Good Time, Bureau of Prisons Style

The Supreme Court issued its opinion in Barber v. Thomas on Monday, upholding the manner in which the Federal Bureau of Prisons (BOP) calculates “good time credits” under 18 U.S.C. § 3624(b). That law says that a prisoner who is serving a term of imprisonment of more than 1 year can receive up to 54 days of credit for good behavior at the end of each year of his or her term, plus prorated credit for the last year of the term. BOP applies that law in a way that grants well-behaved inmates 54 days for each year served, plus whatever credit the inmate has time to earn in the last year of confinement before release. In its opinion, the Court uses “some elementary algebra” to illustrate how a perfectly-behaved inmate with a 10-year sentence can, under the BOP’s approach, earn up to 470 days of good time credit. That’s 54 days for each of the first 8 years (8 x 54 = 432), plus 38 days in Year 9, which is the most the inmate could earn in that ninth year before the actual time served plus good time credit earned equals 10 years, necessitating the inmate’s release. 432 + 38 = 470. No credit is earned in Year 10 because the inmate gets released part-way through Year 9.

The petitioners, a group of federal prisoners, didn’t read the statute that way. Instead, they favored an approach in which an inmate sentenced to a 10-year term of imprisonment could earn up to 540 days of credit—that’s 54 days for every year of the sentence imposed. To hold otherwise, the inmates argued, would require “term of imprisonment” to be read to mean two different things in different parts of the same statute: the sentence imposed in one instance and the time actually served in another.

The Court sided with BOP. Writing for a 6–3 majority, Justice Breyer said that 18 U.S.C. § 3624 sets up a system of “retrospective award” based on an inmate’s actual behavior each year, not a “prospective entitlement” based on the length of sentence imposed. The inmates’ approach would “allow[] a prisoner to earn credit for both the portion of his sentence that he serves and the portion of his sentence that he offsets with earned good time credit”—and that would be inconsistent with the statute’s language and purpose. The Court was unpersuaded by the inmates’ appeal to legislative history and principles of lenity (the idea that statutory ambiguities should be construed in a criminal defendant’s favor). Although not a model of clarity, the statute does not, the Court said, suffer from an ambiguity sufficiently “grievous” for the rule of lenity to kick in. Indeed, the language and purpose of Section 3624 were even clear enough that there was no need to apply the administrative-law rule of deference to an agency’s interpretation of an ambiguous statute (the so-called Chevron doctrine, ably summed up in the opening sentences of this essay). The Court concluded that BOP is just implementing the statute in accordance with its clear-enough language and purpose. No ambiguity, no Chevron analysis required.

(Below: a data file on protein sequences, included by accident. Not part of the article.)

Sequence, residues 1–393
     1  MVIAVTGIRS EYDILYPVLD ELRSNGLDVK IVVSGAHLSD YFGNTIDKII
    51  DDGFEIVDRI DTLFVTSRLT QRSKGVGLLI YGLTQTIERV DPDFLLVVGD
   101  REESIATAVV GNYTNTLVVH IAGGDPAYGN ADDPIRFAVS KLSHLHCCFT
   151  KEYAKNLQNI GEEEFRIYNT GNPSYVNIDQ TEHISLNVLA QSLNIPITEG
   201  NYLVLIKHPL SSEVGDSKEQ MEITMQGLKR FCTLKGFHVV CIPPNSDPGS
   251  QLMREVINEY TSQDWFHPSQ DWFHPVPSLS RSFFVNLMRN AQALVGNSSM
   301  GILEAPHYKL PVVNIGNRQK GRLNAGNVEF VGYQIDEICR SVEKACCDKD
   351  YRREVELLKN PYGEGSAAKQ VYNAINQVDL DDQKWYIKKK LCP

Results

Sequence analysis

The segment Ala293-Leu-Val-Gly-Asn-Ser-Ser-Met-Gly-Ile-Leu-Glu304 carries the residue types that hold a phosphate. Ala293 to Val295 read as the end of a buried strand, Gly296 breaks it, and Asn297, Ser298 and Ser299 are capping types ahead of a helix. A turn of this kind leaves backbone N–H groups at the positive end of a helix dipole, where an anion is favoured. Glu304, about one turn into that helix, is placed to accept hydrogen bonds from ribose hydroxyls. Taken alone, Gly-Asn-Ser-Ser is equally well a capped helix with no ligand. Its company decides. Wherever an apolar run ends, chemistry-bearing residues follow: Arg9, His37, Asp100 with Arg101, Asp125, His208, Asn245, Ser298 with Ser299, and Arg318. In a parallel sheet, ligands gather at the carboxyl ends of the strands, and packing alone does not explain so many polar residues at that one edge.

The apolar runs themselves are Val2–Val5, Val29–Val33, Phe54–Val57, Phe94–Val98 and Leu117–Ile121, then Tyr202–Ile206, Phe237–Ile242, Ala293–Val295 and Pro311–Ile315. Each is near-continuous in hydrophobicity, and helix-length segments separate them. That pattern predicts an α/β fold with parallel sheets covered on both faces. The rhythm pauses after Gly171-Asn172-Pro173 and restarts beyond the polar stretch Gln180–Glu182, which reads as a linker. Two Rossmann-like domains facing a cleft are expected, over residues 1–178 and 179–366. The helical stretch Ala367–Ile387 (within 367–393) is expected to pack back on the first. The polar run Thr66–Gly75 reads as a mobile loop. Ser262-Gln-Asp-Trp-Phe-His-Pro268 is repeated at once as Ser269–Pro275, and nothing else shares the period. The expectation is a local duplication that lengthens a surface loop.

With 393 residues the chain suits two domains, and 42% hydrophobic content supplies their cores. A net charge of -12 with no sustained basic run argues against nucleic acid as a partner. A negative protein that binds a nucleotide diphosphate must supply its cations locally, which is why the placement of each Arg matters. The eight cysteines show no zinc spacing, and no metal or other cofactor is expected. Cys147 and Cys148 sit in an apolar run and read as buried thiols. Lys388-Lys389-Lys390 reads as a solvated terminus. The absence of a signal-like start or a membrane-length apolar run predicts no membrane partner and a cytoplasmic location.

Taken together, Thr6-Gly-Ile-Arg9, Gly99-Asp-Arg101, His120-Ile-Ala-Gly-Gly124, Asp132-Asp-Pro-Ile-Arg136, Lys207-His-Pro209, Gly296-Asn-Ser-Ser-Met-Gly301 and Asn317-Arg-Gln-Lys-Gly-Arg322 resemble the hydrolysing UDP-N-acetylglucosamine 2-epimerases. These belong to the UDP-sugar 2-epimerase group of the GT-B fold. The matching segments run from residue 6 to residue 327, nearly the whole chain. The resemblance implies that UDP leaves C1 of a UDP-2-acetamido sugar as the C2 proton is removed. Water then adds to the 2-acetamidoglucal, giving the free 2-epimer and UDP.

Barber had the potential to be a blockbuster—at least in terms of impact. If the Court had sided with the inmates, many thousands of federal prisoners would have been entitled to up to seven more days of good time credit each year. And seven days per inmate per year adds up when you’re talking about over 210,000 federal inmates. See slip op. at 1 (Kennedy, J., dissenting) (“[I]f the only way to call attention to the human implications of this case is to speak in terms of economics, then it should be noted that the Court’s interpretation comes at a cost to the taxpayers of untold millions of dollars.”)

The case has no direct bearing on North Carolina law. (Our readers who are federal practitioners should, however, note its holding when advising clients of their earliest possible release date. Just divide the number of days in a sentence by 1.148 and you’ll get the minimum number of days the inmate must serve. Slip op. at 18. It works out to a roughly 12.9% sentence reduction.) It’s hard, though, for me to read a case from the Supreme Court of the United States dealing with good time credit and not think of the good time calculation matter pending before our own high court. Remember those 80-year life sentences from the 1970s? It will be interesting to see whether and how principles of lenity and deference to agency interpretation come into play in that case. I’ll let you know when it’s decided.

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